Hollywood, California, Monday, October 17, 1938: Darryl F. Zanuck has selected Sidney Toler to play the role of Charlie Chan, succeeding the late Warner Oland. His first picture will be "Charlie Chan in Honolulu" which will start production October 24, with John Stone as the associate producer. Toler was discovered by Sol M. Wurtzel when he looked at rushes of Up the River, current 20th Century-Fox picture in which Toler is a featured player.
Every time you open your mouth you put in more feet than centipede. Remain here and produce nothing but silence.
Charlie Chan in Honolulu is a 1938 American film directed by H. Bruce Humberstone, starring Sidney Toler as the fictional Chinese-American detective Charlie Chan. The film is the first appearance of both Toler as Chan and Victor Sen Yung as "number two son."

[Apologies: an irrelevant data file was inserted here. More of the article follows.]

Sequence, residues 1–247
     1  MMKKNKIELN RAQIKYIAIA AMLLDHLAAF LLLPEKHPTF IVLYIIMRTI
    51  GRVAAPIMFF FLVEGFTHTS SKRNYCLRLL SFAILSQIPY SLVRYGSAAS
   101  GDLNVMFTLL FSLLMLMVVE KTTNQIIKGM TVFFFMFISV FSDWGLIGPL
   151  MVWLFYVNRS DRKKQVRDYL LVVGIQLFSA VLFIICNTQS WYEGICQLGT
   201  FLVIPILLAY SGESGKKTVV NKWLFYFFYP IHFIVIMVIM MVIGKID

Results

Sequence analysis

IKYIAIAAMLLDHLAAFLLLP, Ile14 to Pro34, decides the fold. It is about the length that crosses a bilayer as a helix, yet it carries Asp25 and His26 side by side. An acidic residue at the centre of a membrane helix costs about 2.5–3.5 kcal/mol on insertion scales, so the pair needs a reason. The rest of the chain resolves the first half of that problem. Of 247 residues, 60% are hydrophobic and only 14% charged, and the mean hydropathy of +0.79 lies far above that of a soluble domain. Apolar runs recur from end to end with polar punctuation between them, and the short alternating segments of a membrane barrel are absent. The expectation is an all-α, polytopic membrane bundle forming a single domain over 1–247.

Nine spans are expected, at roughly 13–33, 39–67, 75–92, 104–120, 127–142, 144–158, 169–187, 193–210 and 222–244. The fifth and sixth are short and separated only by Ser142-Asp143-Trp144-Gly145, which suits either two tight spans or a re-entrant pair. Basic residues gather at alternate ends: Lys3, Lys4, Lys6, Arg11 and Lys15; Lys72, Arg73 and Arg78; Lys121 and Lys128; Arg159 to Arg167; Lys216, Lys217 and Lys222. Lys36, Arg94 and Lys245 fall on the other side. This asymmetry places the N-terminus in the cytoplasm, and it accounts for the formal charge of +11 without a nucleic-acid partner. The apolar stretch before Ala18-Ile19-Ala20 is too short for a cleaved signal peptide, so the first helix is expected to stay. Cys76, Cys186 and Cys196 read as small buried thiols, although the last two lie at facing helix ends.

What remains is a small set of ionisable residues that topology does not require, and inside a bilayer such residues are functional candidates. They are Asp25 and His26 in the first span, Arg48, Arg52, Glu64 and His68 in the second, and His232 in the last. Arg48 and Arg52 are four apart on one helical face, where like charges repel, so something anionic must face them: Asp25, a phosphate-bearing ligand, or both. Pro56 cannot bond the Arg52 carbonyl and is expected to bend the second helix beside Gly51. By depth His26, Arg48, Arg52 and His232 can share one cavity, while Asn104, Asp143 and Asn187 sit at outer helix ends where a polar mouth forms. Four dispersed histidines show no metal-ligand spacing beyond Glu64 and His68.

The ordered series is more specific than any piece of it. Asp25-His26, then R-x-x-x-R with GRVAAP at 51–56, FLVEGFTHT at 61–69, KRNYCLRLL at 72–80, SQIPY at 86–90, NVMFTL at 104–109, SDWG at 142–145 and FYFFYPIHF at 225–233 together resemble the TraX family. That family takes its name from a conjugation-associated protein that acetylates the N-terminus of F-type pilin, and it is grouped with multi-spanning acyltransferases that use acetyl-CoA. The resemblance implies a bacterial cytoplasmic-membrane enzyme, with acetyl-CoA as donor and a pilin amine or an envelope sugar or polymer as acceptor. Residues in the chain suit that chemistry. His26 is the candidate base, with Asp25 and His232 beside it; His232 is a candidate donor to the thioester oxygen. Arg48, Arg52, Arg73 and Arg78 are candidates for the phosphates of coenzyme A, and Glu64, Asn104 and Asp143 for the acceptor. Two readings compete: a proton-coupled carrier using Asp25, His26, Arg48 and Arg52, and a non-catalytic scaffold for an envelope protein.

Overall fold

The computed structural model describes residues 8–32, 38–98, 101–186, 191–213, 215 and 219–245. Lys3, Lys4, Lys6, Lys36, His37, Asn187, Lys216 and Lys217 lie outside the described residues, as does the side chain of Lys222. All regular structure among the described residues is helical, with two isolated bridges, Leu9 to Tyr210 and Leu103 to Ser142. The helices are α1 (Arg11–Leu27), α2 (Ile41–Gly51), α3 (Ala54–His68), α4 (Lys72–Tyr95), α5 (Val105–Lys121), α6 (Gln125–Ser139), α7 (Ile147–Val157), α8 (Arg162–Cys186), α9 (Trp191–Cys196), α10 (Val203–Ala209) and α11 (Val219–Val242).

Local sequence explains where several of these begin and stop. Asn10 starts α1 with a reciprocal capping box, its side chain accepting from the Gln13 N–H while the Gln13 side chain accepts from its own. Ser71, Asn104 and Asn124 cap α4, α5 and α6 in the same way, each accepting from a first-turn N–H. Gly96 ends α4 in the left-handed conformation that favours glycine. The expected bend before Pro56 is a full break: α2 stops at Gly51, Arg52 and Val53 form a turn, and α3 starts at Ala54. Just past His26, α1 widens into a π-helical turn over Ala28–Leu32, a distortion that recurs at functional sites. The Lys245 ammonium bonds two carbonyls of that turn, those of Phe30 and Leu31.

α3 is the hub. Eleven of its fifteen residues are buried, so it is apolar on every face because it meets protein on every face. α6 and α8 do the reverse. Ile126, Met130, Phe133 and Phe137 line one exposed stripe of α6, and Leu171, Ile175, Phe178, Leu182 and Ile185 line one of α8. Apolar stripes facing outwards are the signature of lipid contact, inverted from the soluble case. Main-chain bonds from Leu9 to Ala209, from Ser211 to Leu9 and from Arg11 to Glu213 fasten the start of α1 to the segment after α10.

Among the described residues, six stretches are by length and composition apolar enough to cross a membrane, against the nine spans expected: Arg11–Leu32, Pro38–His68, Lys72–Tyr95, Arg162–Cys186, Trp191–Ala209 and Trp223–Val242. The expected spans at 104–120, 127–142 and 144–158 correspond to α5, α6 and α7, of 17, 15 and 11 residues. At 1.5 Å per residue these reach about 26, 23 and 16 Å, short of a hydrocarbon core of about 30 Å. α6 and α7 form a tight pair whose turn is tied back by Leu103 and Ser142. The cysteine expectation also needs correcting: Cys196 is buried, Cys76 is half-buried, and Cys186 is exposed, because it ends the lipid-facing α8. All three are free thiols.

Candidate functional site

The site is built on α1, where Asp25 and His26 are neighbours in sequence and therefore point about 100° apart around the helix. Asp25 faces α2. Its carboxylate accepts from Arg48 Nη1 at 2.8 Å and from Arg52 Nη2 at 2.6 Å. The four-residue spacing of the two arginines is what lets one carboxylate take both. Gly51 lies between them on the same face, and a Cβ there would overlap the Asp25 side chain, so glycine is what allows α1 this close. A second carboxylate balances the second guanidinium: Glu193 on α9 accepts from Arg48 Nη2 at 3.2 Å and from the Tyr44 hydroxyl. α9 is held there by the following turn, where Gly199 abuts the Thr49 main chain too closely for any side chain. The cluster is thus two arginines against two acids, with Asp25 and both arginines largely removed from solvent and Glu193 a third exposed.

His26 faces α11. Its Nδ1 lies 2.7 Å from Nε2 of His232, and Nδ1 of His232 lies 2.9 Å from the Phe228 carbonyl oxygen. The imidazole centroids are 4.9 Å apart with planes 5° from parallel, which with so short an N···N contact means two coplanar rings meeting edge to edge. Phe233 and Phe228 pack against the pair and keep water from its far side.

Among other actors considered and tested for the new Charlie Chan were Cy Kendall, Walter Connolly, J. Edward Bromberg, Noah Beery Jr., Michael Visaroff, and Leo Carillo. Kendall and Connelly had played Chan on radio.
The film opens with Detective Chan rushing to the hospital to be with his daughter as she prepares to give birth to his first grandchild. While Charlie Chan waits at the hospital, his "number two" son James (Victor Sen Yung) intercepts a message intended for Charlie about a murder on board the freighter Susan B. Jennings.
The freighter is on its way from Shanghai to Honolulu under the leadership of Captain Johnson (Robert Barrat). James wants to prove his investigative skills to his father and so boards the Jennings pretending to be Charlie Chan, with his younger brother Tommy (Layne Tom Jr.) in tow. The ruse doesn't last long and soon the real Chan arrives on board, interrogating a motley assortment of crooks, heiresses and crew as he works to solve a crime whose only witness is secretary Judy Haynes (Phyllis Brooks).